>> own code or (b) being “non-guideline-compliant”).
>> Separately, I think rule 3 is a hair too coarse to be a good guideline as-stated.
>> I would split the “asking for X by name/identifier/etc.” into two cases:
>> - (a) asking for X by some well-known/canonical $ID (e.g., such that
>> it is a *major* error if no X is found for $ID)
>> - (b) asking for X by some identifier (without a strong expectation as
>> to whether or not such an X will or won’t be found)
>> …and at least as a code-reader:
>> - I have no objection to the proposed rule (3) in scenario (a)
>> - I find rule (3) very odd in scenario (b)
>> - I think very differently about scenario (a) and scenario (b), and
>> would thus prefer that they look different
>> …and that’s my thoughts, here.
>>> On Feb 2, 2016, at 6:32 PM, Dave Abrahams via swift-evolution <swift-evolution at swift.org> wrote:
>>> This thread is related to the review of new API guidelines, but it's not
>>> a review thread; it's exploratory.  The goal is to come up with
>>> guidelines that:
>>> * describe when and where to use argument labels
>>> * require labels in many of the cases people have asked for them
>>> * are understandable by humans
>>> * preserve important semantics communicated by existing APIs.
>>> Here's what I'm thinking
>>> 1. If and only if the first argument could complete a sentence*
>>>  beginning in the base name and describing the primary semantics of
>>>  the call, it gets no argument label:
>>>    a.contains(b)  // b completes the phrase "a contains b"
>>>    a.mergeWith(b) // b completes the phrase "merge with b"
>>>    a.dismiss(animated: b) // "a, dismiss b" is a sentence but 
>>>                           // doesn't describe the semantics at all, 
>>>                           // thus we add a label for b.
>>>    a.moveTo(x: 300, y: 400) // "a, move to 300" is a sentence 
>>>                             // but doesn't describe the primary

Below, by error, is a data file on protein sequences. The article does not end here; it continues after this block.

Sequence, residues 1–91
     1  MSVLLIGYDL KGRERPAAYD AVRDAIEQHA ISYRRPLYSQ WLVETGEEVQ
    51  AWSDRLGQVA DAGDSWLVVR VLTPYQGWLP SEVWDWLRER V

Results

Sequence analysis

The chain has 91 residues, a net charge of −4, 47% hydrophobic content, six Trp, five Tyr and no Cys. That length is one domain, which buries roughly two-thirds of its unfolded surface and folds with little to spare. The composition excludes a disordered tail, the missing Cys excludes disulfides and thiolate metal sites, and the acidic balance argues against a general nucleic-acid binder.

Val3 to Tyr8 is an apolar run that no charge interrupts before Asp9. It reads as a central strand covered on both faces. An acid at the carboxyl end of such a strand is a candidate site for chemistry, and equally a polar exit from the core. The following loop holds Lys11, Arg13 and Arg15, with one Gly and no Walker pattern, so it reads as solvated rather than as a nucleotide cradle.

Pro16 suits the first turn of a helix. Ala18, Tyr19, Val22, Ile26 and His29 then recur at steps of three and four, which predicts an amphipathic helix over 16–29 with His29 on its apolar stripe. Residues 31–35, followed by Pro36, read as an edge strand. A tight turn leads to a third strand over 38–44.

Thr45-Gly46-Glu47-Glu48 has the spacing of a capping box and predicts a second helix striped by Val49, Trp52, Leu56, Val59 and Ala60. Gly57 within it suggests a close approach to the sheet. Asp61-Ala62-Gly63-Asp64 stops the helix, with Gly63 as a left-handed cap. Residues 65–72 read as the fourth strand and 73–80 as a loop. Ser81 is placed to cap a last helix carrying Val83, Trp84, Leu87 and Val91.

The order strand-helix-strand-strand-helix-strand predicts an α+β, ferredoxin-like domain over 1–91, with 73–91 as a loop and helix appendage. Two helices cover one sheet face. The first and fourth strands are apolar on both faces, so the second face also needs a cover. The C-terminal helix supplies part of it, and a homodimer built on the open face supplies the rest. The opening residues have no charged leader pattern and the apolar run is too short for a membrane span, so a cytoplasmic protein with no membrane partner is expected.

>>>                             // semantics, which are to move in both
>>>                             // x and y.  Thus, x gets a label.
>>>    a.readFrom(u, ofType: b) // "a, read from u" describes
>>>                             // the primary semantics, so u gets no
>>>                             // label. b is an
>>>                             // option that tunes the primary
>>>                             // semantics
>>>  [Note that this covers all the direct object cases and, I believe,
>>>  all the default argument cases too, so maybe that exception can be
>>>  dropped.  We still need the exceptions for full-width type
>>>  conversions and indistinguishable peers]
>>>  Note: when there is a noun in the base name describing the role of the
>>>  first argument, we skip it in considering this criterion:
>>>     a.addObserver(b) // "a, add b" completes a sentence describing 
>>>                      // the semantics.  "Observer" is omitted in 
>>>                      // making this determination.
>>> * We could say "clause" here but I think making it an *independent*
>>> clause doesn't rule out any important use-cases (see
>>> https://web.cn.edu/kwheeler/gram_clauses_n_phrases.html) and at that
>>> point, you might as well say "sentence," which is a more
>>> universally-understood term.
>>> 2. Words that describe attributes of an *already-existing* instance
>>>  should go in the base name rather than in a label:
>>>     a.tracksHavingMediaType("Wax Cylinder")      // yes
>>>     a.removeFirstTrackHavingMediaType("BetaMax") // yes
>>>     a.tracks(mediaType: "Wax Cylinder")          // no
>>>     a.removeFirstTrack(havingMediaType: "BetaMax") // no
>>>  [yes, we could use "With" instead of "Having", but it's more
>>>  ambiguous]
>>>  Words that describe attributes of an instance *to be created* should
>>>  go in argument labels, rather than the base name (for parity with
>>>  initializers):
>>>     AudioTrack(mediaType: "BetaMax")                   // initializer
>>>     trackFactory.newTrack(mediaType: "Wax Cylinder")   // yes
>>>     trackFactory.newTrackWithMediaType("Wax Cylinder") // no
>>> 3. (this one is separable) When the first argument is the *name* or
>>>  *identifier* of the subject in the base name, do not label it or
>>>  describe it in the base name.
>>>     a.transitionToScene(.GreatHall)               // yes
>>>     a.transitionToSceneWithIdentifier(.GreatHall) // no
>>>     let p = someFont.glyph("propellor")           // yes
>>>     let p = someFont.glyphWithName("propellor")   // no
>>>     let p = someFont.glyph(name: "propellor")     // no
>>> Thoughts?
>>> -- 
>>> -Dave
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> -- 
> -Dave